Kundigung [Legal Team] leaving FSFE's legal team

Florian Snow floriansnow at fsfe.org
Thu Mar 28 16:53:03 UTC 2019

Hi Christian,

First of all, I have to say I am not happy that an email was published
here without the consent of the author.  In addition, the word "fsfegate
2.0" and the fact that this is a completely unknown person, makes me
feel uneasy about this email.

That being said, I would like to answer your email, Christian.
Essentially, I will treat the statements in the quoted mail as questions
from you personally that deserve an answer.  I will answer as many
questions as possible.

I have been a GA member for about a year, but I do not speak for the
GA.  We are individuals with differing opinions and that is what makes
us strong as an organization.  So I will just state my personal opinion
without speaking for anyone else and without claiming that my opinion is
the only possible one.

[Executive engaging the legal team less]

I am not a member of the legal team, so I do not have complete insight
into this.  If the statement is true, I could see multiple reasons for
it.  Perhaps management feels more confident regarding certain issues
due to prior counsel of the legal team.  Just an example, but there
might be a good reason for that.  It is also possible that not everyone
in the legal team would support that statement.

[Less visibility in regards to legal and policy issues]

My impression is very different and in fact, I would say we are gaining
visibility.  But either way, there is no hard data on this issue.

[too strong a focus on campaigns and lack of (long-term) vision]

I feel campaigns are good and important.  The idea here is to deliver
specific goals that can be measured.  I would say they play a very
important part in the question of "What do we want to achieve in the
next 5 years?".  More of the vision part comes in in selecting those
campaigns.  I do see occasional weaknesses here and we deal with them
when they happen, but I see no overarching problem here.

[losing sight of core goals]

I completely disagree with this statement.  Yes, we think about issues
such as gender equality because we think being more inclusive will
strengthen our movement as a whole.  That does not mean we lost sight of
our core goals.  Just look at our website, our mailing lists and check
which things we actually work on.  You will see that it is all about
Free Software and how it is perceived in the world.  Other issues like
inclusiveness is more a matter of how we communicate, thinking about new
channels to use, and so on.

[not institutionalizing knowledge]

I would say there is quite a lot of knowledge that _is_ being
institutionalized and documented, but I agree that this is something we
can probably still improve on.  This is a general issue with growing
communities that a lack of communication might arise.  I think we do
better here than other organizations I have seen, but there is still
room for improvement and I have seen many steps to clarify procedures,
to document information about people and events.

[all staff being on leave after FOSDEM and unanswered requests]

I have seen this in the past, but not this year for example, so the
situation about unanswered requests appears to be improving.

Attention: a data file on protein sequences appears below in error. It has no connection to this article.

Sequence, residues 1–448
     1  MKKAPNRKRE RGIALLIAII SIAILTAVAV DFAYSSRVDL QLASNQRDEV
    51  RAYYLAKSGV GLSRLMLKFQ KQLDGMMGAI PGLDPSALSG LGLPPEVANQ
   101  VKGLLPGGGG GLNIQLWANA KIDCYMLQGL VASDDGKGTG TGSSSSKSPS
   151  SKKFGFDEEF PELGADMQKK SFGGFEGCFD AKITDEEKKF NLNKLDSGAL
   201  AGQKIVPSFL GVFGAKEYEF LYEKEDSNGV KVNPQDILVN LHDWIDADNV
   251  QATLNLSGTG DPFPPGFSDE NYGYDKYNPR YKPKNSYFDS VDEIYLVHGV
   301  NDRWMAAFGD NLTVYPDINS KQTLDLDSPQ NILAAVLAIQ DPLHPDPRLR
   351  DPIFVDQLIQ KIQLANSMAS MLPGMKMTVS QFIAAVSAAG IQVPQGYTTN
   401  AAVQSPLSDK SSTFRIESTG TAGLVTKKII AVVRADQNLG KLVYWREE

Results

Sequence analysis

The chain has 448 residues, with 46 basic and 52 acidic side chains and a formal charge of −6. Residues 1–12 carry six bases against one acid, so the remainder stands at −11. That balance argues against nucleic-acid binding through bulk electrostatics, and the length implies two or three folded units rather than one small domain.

[no information to stakeholders about absent people]

I have not experienced that, but perhaps there is a process here that
needs clarification and documentation.

[emails stuck in mailing list queues; systems (VMs) down due to lack of

The situation with emails has improved somewhat in recent years with the
introduction of a general entry point for inquiries instead of several
different mailing lists.  However, we can still improve on that.  To me,
this is also a question of volunteer engagement and not just about
sponsors.  I would not expect the FSFE employees to deal with all
tickets/emails at all times.  We are an organization that is largely
made up of volunteers and there are many areas where I think more
volunteer engagement could help.  The FSFE is not the office in Berlin
and its employees, the FSFE is a community.  There is simply way more
work than we can handle and certainly way more work than staff can
handle on their own.  So we rely on volunteers to do some of the work
and even then, we could always use more hands.  That means some things
will not get dealt with and what I see is people doing their best to
prioritize well.

[no improvements but personal attacks from the vice president]

I have seen many improvements over the years, but we can always do more,
of course.  As for the personal attacks, I have a really hard time
imagining Heiki (our vice president) making personal attacks.  I have
experienced him as someone with strong integrity and carefully weighed
opinions who handles criticism in an exceptionally constructive way.
His emails are concise (quite the opposite of mine) and perhaps
sometimes a bit direct.  That might perhaps have been perceived as
arrogance, but I am certain if someone pointed out a specific situation
to Heiki that was problematic, he would clarify and, if appropriate,
apologize.  That is the way my interactions with him have always gone
and not once have I seen him come close to a personal attack.

I hope that clarifies some of those things for you, Christian, and
others here on the list.  If you have further questions, feel free to

Happy hacking!

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